A more recent trend has been to implement SMUs with a control loop configured in the digital domain. The output voltage and output current in such a configuration is measured with dedicated ADCs. When sourcing current, the current readings obtained by the ADCs are compared to a Current Setpoint, and when sourcing voltage, the voltage readings are compared to a Voltage Setpoint, to regulate the current and voltage outputs, respectively. The setpoints can be set, for example, in an FPGA (field programmable gate array) or DSP (digital signal processing) chip. The FPGA or DSP chip can be used accordingly to produce an output to drive a DAC until the output voltage and/or output current reach the respective desired levels. The SMU can be configured to source one type of signal while measuring another type of signal. For example, the SMU can be configured to measure the voltage across the terminals of a device under test (DUT), when sourcing (and regulating) a current to the DUT, and similarly, the SMU can be configured to measure the current flowing into the DUT, when sourcing (and regulating) the voltage applied across the terminals of the DUT.

In addition to controlling voltage and/or current, SMUs are also used to control a combination or interaction of both, for example resistance or power. In particular, the simulation of resistance is useful in various applications. Positive resistance can be used to more accurately simulate the behavior of non-ideal power supplies, which are actually used to provide power to DUTs in real-life operation. Any power supply can be modeled as either a Thévenin or Norton equivalent. FIG. 2 shows the Thévenin equivalent circuit of a non-ideal power supply, modeled with an ideal voltage source 152 connected in series with a resistance 154 of value ‘R’. FIG. 3 shows the Norton equivalent circuit of a non-ideal power supply, modeled with an ideal current source 202 connected in parallel with a resistance 204 of value ‘R’.

An ideal power supply will have a Thévenin equivalent resistance of 0Ω, that is, the value of resistor 154 for an ideal power supply is considered 0Ω. Similarly, an ideal power supply will have an infinite Norton equivalent resistance, that is, the value of resistor 204 for an ideal power supply is considered to be infinite. At low frequencies, SMUs in general attempt to simulate an ideal source as long as they are within their compliance limits. This means that pulling more current when regulating for voltage will not reduce the voltage seen by the DUT. However, it is not always desirable to simulate an ideal power supply, as real-life power supplies are not ideal. Batteries in particular can have fairly high output impedances. Thus, it is desirable to have the capability to programmatically configure the value of R seen by a DUT for either of the equivalent circuits.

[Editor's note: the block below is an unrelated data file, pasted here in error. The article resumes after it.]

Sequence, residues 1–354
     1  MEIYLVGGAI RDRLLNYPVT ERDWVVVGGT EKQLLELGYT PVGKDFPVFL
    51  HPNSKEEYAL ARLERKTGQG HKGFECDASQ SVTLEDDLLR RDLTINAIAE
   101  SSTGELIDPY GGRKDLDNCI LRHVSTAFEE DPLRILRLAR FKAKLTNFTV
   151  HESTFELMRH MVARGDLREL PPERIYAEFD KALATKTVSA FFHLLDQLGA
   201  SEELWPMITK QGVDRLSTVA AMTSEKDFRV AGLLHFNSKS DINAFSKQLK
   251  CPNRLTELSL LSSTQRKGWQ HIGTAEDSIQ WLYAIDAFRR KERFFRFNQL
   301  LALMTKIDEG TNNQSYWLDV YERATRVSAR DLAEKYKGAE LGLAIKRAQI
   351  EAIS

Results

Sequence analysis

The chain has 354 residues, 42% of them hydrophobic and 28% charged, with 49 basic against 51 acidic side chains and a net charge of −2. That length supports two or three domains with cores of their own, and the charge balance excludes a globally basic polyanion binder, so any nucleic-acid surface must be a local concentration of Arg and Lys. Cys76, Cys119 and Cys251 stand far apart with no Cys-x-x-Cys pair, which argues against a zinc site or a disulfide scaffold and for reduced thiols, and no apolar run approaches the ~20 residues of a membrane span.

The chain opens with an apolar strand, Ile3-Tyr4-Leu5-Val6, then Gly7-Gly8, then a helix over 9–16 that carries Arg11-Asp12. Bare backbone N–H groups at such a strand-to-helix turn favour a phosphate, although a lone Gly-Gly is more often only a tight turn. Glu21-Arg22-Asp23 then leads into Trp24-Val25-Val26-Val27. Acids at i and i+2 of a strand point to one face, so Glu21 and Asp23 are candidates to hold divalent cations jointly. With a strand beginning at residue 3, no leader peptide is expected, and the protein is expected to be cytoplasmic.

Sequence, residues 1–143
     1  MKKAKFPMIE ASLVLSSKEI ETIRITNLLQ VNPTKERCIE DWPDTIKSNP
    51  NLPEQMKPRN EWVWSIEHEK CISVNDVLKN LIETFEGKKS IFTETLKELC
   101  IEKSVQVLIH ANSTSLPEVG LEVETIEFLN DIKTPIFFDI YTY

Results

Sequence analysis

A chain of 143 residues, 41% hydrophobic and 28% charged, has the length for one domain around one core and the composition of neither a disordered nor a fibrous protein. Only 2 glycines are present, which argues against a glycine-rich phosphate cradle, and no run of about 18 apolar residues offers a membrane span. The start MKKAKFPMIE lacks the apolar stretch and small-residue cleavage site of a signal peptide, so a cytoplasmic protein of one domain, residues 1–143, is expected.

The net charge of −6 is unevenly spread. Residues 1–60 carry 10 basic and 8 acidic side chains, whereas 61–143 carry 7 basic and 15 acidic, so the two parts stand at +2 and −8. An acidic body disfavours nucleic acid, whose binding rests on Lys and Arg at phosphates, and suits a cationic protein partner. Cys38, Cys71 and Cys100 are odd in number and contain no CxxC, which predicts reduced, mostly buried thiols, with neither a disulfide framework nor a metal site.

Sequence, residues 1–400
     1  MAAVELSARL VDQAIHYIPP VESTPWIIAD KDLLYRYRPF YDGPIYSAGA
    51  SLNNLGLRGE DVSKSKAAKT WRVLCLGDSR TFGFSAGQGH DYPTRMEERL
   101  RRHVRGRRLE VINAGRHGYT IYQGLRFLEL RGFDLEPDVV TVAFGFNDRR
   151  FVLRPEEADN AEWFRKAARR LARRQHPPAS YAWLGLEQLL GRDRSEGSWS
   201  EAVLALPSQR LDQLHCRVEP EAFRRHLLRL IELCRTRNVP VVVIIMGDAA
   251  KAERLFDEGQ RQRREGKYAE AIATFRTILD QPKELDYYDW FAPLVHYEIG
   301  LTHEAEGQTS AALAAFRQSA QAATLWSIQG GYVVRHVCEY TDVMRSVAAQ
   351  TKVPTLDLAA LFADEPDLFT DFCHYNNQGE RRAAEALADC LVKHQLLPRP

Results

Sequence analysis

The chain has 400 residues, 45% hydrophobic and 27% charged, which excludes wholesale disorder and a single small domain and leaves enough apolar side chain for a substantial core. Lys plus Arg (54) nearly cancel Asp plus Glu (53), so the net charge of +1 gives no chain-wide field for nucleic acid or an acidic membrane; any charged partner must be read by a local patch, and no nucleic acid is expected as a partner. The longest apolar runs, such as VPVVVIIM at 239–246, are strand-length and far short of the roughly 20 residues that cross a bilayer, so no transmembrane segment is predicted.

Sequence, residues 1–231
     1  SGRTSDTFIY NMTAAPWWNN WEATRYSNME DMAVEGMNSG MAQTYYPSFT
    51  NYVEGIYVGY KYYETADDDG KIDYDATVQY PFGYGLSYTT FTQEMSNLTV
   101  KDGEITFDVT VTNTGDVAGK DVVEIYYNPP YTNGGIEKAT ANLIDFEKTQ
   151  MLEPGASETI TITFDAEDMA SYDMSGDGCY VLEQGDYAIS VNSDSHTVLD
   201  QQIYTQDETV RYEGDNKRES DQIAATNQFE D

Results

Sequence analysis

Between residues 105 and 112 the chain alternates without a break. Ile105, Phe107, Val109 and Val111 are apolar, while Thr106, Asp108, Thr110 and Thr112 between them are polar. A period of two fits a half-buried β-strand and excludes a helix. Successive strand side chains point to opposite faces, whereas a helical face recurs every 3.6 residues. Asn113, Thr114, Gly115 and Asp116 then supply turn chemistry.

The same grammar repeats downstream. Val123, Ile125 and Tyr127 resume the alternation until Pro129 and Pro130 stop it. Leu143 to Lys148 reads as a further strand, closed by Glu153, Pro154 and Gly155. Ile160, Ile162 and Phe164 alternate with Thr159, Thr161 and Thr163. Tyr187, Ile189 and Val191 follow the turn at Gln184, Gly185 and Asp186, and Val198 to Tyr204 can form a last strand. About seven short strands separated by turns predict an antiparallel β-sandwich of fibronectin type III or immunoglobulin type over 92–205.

Alternatively, as seen in FIG. 2, if the value of the voltage provided by voltage source 152 were 0V (representative of a closed circuit), or, as seen in FIG. 3, if the value of the current provided by current source 202 were 0 A (representative of an open circuit), then the DUT would see a “pure” DC resistance. The simulation of resistance is useful in various applications, most notably when simulating sensors that have a varying resistance with respect to some physical characteristic (such as resistance thermometers or photoresistors). Thus, a system that accurately and programmatically simulates a given resistance can be used, for instance, to test devices that interact with these sensors.

Negative Resistance, though conceptually strange, can also be useful to simulate. Negative resistance can be used to compensate for resistive effects existing in the system. Thévenin negative resistance can be used to negate the resistive effects of cabling or of the DUT load board, in cases where it is impractical to use remote sensing (4-wire) and the test system is sufficiently characterized. Norton negative resistance can be used to negate leakage effects in the test system, in cases where it is impractical to use guarding and special cabling and the system is sufficiently characterized. As an example, FIG. 4 shows a Thévenin equivalent supply 426 with a resistance 422, with a DUT 428 coupled to the terminals of the supply. In this instance, resistances 424 and 430 represent the resistance of the cables/wires coupling DUT 428 to the ideal voltage source 426. Thus, simulating resistance 422 as a negative resistance (−R) having an absolute value commensurate with the total resistance presented by cable resistances 424 and 430 is useful to eliminate the non-ideality of the test fixture represented by those cable resistances.